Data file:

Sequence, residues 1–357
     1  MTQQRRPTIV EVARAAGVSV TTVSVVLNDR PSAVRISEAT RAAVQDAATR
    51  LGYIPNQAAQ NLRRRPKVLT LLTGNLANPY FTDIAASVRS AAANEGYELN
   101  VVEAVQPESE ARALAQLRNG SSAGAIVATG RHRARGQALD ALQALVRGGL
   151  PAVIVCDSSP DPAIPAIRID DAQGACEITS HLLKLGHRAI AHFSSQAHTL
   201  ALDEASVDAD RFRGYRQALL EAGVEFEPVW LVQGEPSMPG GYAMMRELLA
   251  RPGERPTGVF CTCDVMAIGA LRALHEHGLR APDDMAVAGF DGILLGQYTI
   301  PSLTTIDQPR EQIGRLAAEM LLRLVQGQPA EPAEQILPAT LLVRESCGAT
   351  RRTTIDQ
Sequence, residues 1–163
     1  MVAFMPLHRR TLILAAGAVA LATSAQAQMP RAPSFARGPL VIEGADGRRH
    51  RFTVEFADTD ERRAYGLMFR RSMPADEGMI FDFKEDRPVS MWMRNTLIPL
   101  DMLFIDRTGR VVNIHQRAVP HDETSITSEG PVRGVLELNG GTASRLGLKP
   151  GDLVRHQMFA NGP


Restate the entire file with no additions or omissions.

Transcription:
Sequence, residues 1–357
     1  MTQQRRPTIV EVARAAGVSV TTVSVVLNDR PSAVRISEAT RAAVQDAATR
    51  LGYIPNQAAQ NLRRRPKVLT LLTGNLANPY FTDIAASVRS AAANEGYELN
   101  VVEAVQPESE ARALAQLRNG SSAGAIVATG RHRARGQALD ALQALVRGGL
   151  PAVIVCDSSP DPAIPAIRID DAQGACEITS HLLKLGHRAI AHFSSQAHTL
   201  ALDEASVDAD RFRGYRQALL EAGVEFEPVW LVQGEPSMPG GYAMMRELLA
   251  RPGERPTGVF CTCDVMAIGA LRALHEHGLR APDDMAVAGF DGILLGQYTI
   301  PSLTTIDQPR EQIGRLAAEM LLRLVQGQPA EPAEQILPAT LLVRESCGAT
   351  RRTTIDQ
Sequence, residues 1–163
     1  MVAFMPLHRR TLILAAGAVA LATSAQAQMP RAPSFARGPL VIEGADGRRH
    51  RFTVEFADTD ERRAYGLMFR RSMPADEGMI FDFKEDRPVS MWMRNTLIPL
   101  DMLFIDRTGR VVNIHQRAVP HDETSITSEG PVRGVLELNG GTASRLGLKP
   151  GDLVRHQMFA NGP